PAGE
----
April Chan, company secretary of energy provider CLP Group, says her job is like that of a butler.
"I work closely with the chairperson and top management to take care of various aspects of the company's operation. I am sure every chairperson has the company secretary on speed dial," says Chan, president of the Hong Kong Institute of Chartered Secretaries (HKICS).
In Hong Kong, listed companies are required by law to have a chartered secretary registered with HKICS.
According to Chan, a company secretary ensures the business complies with the law, advises on how to cope with regulatory changes, manages board meetings and maintains communication with shareholders. They also have to stay up-to-date with the latest developments in corporate governance practices in Hong Kong and around the world.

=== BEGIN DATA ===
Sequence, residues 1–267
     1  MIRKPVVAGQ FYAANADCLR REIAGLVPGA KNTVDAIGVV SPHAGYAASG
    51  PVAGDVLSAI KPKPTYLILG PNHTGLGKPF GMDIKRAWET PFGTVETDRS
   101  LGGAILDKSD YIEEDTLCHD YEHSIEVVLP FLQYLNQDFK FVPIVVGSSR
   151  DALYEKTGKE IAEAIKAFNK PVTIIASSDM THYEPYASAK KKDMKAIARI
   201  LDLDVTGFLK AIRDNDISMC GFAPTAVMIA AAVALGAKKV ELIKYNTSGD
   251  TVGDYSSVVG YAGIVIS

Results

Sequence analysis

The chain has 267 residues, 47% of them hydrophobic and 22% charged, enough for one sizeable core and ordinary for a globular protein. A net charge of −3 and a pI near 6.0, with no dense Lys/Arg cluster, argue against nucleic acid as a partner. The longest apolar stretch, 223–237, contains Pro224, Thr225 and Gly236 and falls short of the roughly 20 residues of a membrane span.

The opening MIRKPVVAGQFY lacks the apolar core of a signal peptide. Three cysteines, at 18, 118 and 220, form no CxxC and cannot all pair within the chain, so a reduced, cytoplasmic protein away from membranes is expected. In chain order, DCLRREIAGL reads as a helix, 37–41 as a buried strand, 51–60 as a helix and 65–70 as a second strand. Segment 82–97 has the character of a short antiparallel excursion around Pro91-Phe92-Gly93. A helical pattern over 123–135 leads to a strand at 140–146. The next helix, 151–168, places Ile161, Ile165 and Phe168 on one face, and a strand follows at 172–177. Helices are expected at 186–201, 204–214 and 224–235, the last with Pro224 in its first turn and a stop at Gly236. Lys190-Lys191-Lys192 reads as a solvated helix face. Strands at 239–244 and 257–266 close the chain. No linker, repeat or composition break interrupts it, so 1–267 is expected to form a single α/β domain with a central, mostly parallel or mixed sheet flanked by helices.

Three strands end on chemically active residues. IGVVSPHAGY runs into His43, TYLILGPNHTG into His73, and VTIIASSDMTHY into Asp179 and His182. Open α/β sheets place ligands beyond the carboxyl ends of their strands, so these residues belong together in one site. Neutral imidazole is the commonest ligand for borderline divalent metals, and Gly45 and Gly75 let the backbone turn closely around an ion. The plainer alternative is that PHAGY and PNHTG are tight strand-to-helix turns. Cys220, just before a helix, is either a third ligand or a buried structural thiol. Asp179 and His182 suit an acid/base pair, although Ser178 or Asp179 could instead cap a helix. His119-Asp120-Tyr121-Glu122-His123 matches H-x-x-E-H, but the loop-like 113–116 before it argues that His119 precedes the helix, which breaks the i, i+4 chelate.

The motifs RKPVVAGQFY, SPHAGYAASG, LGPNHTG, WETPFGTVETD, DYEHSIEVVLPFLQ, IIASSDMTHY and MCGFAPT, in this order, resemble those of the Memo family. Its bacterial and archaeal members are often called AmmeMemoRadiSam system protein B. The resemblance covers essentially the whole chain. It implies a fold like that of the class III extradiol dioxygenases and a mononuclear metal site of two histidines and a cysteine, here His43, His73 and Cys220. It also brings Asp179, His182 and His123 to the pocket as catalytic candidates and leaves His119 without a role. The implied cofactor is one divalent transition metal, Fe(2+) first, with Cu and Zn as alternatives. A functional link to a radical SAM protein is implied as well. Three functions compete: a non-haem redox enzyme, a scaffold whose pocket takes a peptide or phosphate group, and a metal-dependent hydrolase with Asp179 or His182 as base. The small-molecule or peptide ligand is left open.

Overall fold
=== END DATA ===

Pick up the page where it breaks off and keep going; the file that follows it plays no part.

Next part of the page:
They should have excellent interpersonal skills, as they will have to build relationships with regulators such as the Hong Kong stock exchange, shareholders and different departments of the company. It is also important to be creative, when producing annual reports and organising annual meetings, Chan adds.
A company secretary usually heads a firm's secretarial department, which is staffed by a deputy company secretary, company secretary officers and company secretary assistants.
The latter, required to register as a student with HKICS, is often the starting point of a company secretary's career. After passing the international qualifying scheme - a written examination - and gaining three years' working experience, an assistant becomes a chartered secretary and an associate member of HKICS.
A chartered secretary is eligible for the roles of company secretary officer or deputy company secretary.
Company secretaries usually have at least eight years' experience. Company secretary assistants receive a monthly salary of about HK$10,000, while officers earn between HK$20,000 and HK$30,000. Deputies are paid from HK$50,000 to HK$90,000 and company secretaries make more, with some earning over HK$100,000 a month.